Car bombs kill 42 in Iraq
Iraq has been embroiled in sectarian violence sparked by a civil war in Syria.
BAGHDAD - A series of car bombs exploded in busy areas in predominantly Shi'ite neighbourhoods of Baghdad on Monday, killing at least 42 people and wounding dozens more, police and medical sources said.
The deadliest attack took place in Sadr City, where a car bomb blew up near a place where workers had gathered. It killed at least seven people, including two soldiers
It was not immediately clear who carried out the attacks, but hardline Sunni militants who view Shi'ites as non-believers have been stepping up their insurgency and striking with a ferocity not seen in years.
More than two years of civil war in neighbouring Syria have aggravated deep-rooted sectarian divisions and strained Iraq's fragile coalition of Shi'ite, Kurdish and Sunni factions.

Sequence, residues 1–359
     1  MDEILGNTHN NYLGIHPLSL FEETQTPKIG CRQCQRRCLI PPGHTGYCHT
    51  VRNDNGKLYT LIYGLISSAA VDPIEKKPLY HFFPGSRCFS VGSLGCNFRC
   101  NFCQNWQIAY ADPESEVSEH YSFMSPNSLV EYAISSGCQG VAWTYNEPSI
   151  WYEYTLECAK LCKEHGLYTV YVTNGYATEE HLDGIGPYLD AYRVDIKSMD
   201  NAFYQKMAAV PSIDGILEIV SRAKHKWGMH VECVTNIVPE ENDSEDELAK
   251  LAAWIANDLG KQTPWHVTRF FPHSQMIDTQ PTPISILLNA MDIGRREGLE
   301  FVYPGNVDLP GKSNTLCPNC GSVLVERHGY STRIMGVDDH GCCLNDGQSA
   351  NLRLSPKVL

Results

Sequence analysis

Shi'ites, security personnel government employees of both sects and governmental-backed Sunni "Sahwa" militia members are prime targets for al-Qaeda and the Sunni insurgents.
On Sunday, a suicide bomber blew himself up inside a mosque where a Shi'ite funeral was being held, killing at least 40 people in Mussayab, 60km south of Bagdad.
The United Nations mission in Iraq said about 800 Iraqis were killed in acts of violence in August.